|Computing first sets on a left-recursive grammar email@example.com (Cyrus Najmabadi) (2001-04-10)|
|Re: Computing first sets on a left-recursive grammar firstname.lastname@example.org (Paul Mann) (2001-04-12)|
|Re: Computing first sets on a left-recursive grammar email@example.com (Sönke Kannapinn) (2001-04-12)|
|Re: Computing first sets on a left-recursive grammar firstname.lastname@example.org (Max Hailperin) (2001-04-14)|
|Re: Computing first sets on a left-recursive grammar email@example.com (2001-04-14)|
|From:||"Cyrus Najmabadi" <firstname.lastname@example.org>|
|Date:||10 Apr 2001 01:45:12 -0400|
|Organization:||University of Pennsylvania|
|Posted-Date:||10 Apr 2001 01:45:12 EDT|
Sorry if this question has come up before, but I couldn't get a
satisfactory answer from checking old posts.
I'm trying to understand (while simultaneously code) the algorithm for
computing first and follow sets in the Dragon book (p177).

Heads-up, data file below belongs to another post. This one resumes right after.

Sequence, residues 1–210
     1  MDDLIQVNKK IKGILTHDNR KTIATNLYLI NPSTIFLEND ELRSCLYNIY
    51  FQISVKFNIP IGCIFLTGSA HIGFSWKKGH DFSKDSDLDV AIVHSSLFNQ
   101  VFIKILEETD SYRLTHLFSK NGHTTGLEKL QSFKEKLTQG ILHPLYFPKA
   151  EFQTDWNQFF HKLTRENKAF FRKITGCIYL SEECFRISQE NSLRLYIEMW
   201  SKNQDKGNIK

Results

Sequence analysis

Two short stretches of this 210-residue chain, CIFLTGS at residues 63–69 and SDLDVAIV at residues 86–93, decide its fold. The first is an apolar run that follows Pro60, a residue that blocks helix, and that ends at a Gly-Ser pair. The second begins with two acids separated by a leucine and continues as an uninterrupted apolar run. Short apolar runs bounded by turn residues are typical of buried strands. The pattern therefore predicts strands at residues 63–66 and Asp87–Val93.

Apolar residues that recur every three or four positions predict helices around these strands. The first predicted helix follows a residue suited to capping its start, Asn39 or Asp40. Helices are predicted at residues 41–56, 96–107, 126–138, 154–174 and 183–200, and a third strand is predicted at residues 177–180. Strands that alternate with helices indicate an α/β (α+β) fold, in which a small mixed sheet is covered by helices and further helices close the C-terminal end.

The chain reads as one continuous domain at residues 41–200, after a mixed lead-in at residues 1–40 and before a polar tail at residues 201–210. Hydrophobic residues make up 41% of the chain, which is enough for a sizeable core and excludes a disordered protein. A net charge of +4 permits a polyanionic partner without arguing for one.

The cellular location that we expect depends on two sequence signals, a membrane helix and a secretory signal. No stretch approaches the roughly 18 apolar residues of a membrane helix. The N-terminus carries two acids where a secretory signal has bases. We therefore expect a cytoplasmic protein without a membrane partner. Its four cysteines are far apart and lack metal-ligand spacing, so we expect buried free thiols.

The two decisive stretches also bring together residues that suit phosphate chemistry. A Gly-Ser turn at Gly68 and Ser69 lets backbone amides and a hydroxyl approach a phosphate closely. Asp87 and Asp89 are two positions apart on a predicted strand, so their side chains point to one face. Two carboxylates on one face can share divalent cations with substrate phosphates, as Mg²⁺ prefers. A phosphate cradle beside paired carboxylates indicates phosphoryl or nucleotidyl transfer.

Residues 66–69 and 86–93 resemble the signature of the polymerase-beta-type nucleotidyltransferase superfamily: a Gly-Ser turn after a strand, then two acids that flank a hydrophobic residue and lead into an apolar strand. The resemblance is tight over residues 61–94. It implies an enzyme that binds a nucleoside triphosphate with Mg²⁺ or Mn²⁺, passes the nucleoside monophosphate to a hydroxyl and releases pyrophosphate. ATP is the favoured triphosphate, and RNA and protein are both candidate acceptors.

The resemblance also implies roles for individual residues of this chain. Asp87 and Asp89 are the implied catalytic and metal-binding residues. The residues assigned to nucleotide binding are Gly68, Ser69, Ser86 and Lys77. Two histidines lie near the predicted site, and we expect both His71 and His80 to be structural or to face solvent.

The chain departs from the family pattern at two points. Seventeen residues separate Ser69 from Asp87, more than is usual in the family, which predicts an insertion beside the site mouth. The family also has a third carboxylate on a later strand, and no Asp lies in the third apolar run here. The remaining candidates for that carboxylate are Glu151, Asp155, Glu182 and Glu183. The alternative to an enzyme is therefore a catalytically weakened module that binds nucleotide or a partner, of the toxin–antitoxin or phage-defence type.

Unfortunately, I'm being pretty unsuccessful at implementing this
obfuscated explanation. The fault seems to lie in left-recursive
grammar productions. Because "First" calls itself on the individual
elements of the yield of the production, a left-recursive production
will cause "first" to loop forever.
Unfortunately, I find the explanation on these functions in the
Dragon book rather difficult to understand, so I'm making no headway
into determining if this a limitation of the "First" function, or if
there's some simple way to get about this problem. If it's a
limitation, is the correct solution to eliminate left-recursion? Or,
if it's not a limitation, can someone post (or link to) an algorithm
that can calculate the "first" set even on a left-recursive
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